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7. North Korean nuclear threat reopens debate on pacifism in Japan
La Nacion (Argentina)

With nuclear threats emanating from North Korea (and the U.S.), Japan is reportedly considering amending its Constitution to raise armed forces, banned there since World War II. In this article, political science and Asian studies professor Steven Vogel gives a bit of background: "Historically, governments reinterpreted the Magna Carta to say that Japan may have military forces, but that they have a defensive role and not the capacity to attack. That is why [Prime Minister Shinzo] Abe would rather have a constitution that would openly acknowledge Japan's right to defend itself, to have an armed force and to participate in joint military missions. In 2015 it enacted certain norms that allowed the Self-Defense Forces to participate abroad; that was a kind of substitute of the revision of the Constitution, since the reform was not politically viable at the time." [The original article is in Spanish]
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8. America's Buses Lose Riders, Imperiling Their Future
Wall Street Journal

A story about the decline of bus transportation in American cities mentions a Berkeley co-authored study finding that increased city transit service makes cities more productive and raises workers' wages by making it easier for companies to cluster together, attracting workers.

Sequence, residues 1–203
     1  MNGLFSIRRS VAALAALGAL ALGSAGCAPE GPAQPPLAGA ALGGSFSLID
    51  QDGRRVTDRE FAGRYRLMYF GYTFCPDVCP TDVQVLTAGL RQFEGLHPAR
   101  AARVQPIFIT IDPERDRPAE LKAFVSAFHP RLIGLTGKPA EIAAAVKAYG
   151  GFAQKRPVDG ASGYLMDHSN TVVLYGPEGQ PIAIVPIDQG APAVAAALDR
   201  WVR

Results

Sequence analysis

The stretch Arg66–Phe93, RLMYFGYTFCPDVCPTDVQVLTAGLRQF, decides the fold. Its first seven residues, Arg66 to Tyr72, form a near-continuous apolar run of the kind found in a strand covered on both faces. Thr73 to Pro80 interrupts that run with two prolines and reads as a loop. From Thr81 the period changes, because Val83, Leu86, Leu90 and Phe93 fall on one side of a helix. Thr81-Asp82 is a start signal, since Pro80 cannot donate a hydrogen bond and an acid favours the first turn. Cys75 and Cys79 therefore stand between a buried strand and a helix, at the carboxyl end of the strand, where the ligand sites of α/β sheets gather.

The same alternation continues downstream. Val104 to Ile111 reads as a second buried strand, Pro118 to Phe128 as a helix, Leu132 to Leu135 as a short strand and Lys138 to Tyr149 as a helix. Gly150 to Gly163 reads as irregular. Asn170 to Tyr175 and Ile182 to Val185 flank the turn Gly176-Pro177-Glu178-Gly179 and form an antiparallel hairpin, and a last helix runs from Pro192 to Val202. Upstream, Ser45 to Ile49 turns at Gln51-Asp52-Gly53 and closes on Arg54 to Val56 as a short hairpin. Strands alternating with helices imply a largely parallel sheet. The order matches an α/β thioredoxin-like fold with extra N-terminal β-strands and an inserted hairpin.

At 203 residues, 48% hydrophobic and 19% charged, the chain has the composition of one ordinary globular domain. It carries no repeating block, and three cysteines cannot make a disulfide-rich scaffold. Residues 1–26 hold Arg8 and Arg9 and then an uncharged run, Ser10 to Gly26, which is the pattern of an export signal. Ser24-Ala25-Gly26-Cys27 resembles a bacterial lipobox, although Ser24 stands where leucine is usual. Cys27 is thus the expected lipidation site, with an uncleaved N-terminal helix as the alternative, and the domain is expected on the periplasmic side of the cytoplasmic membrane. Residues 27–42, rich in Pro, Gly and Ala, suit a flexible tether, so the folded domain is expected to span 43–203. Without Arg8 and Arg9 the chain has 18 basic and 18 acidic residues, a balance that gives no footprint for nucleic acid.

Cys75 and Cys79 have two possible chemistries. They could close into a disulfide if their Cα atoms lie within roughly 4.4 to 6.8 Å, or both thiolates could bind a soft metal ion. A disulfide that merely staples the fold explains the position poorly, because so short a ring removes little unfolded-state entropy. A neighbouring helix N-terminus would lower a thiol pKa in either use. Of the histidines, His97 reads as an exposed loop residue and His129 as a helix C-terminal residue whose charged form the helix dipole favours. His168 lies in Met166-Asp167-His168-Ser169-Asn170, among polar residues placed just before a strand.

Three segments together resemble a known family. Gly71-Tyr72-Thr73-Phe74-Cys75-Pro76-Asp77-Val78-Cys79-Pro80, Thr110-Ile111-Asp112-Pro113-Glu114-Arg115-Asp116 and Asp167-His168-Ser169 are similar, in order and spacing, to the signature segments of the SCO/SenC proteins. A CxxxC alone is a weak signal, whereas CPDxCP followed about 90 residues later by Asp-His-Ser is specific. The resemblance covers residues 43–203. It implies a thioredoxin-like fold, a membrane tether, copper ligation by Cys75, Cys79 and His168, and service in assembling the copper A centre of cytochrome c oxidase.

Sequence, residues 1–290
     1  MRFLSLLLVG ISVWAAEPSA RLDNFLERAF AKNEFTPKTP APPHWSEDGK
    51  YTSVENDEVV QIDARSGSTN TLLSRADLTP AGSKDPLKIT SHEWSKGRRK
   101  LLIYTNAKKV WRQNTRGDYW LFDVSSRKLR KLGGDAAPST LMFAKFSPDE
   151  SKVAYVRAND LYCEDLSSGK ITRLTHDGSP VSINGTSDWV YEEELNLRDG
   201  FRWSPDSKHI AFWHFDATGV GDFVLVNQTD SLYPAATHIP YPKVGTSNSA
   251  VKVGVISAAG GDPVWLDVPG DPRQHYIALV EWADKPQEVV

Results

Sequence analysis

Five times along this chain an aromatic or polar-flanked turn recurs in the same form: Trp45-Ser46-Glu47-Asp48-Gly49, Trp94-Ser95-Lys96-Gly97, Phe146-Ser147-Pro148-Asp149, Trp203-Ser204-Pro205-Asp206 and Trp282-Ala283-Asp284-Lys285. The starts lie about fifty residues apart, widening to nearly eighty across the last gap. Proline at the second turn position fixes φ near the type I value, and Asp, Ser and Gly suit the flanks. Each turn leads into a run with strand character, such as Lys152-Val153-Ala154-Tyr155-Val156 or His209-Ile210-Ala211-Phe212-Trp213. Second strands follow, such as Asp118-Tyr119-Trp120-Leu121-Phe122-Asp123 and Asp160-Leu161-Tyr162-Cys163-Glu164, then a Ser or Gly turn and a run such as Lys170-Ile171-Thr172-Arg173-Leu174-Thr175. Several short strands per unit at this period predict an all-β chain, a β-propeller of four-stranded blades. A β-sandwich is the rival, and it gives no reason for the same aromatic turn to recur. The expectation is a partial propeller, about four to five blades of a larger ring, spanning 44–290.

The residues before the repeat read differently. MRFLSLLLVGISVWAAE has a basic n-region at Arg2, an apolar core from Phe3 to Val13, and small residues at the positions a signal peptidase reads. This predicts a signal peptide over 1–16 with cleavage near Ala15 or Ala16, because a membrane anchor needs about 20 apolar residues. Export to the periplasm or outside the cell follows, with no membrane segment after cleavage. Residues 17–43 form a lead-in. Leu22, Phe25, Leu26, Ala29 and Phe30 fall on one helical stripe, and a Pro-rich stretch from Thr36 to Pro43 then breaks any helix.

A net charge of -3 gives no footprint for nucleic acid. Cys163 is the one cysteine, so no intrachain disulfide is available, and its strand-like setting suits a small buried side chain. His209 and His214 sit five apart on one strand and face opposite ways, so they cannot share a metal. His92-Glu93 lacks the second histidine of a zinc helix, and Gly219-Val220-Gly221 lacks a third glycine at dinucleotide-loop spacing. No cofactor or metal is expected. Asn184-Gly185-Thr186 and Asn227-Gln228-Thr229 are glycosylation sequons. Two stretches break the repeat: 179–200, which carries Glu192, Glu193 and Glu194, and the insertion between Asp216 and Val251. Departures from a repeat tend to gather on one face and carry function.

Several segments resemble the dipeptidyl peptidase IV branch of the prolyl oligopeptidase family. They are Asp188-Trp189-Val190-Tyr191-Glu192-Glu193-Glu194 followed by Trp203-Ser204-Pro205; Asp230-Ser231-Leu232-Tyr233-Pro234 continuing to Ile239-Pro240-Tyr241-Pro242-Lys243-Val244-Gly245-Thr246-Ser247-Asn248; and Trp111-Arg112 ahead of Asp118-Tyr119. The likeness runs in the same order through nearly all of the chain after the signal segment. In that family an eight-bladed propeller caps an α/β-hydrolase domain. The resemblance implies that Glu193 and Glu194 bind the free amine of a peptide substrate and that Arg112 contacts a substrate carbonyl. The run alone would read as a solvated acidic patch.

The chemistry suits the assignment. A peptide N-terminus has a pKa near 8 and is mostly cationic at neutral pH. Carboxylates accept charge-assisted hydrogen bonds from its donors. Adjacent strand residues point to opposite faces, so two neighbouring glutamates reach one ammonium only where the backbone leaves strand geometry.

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9. The Downside of Full Pay Transparency
Wall Street Journal

An old study co-authored by Berkeley researchers is mentioned in a story about the risks and benefits of pay transparency. The study was based on surveys of UC employees. Some respondents had been prompted to look up their coworkers' salaries on a public website, while others had not. All respondents were then questioned about their job satisfaction. On average, staff who found out they were paid below the median expressed much less satisfaction with their jobs and were more likely to leave than people who were also paid below the median but hadn't been prompted to compare their salaries. In other words, full pay transparency was found to increase job dissatisfaction and potential turnover.
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10. 12 Lessons You Learn or Regret Forever
San Francisco Chronicle

An advice column on career advancement highlights the importance of "sticking your neck out." Under the tip, "Don't Say Yes Unless You Really Want To," the author says: "Research conducted at the University of California in Berkeley shows that the more difficulty that you have saying no, the more likely you are to experience stress, burnout and even depression, all of which make it difficult to take charge of your career. Saying no is indeed a major challenge for many people. 'No' is a powerful word that you should not be afraid to wield. When it's time to say no, avoid phrases like 'I don't think I can' or 'I'm not certain.' Saying no to a new commitment honors your existing commitments and gives you the opportunity to successfully fulfill them."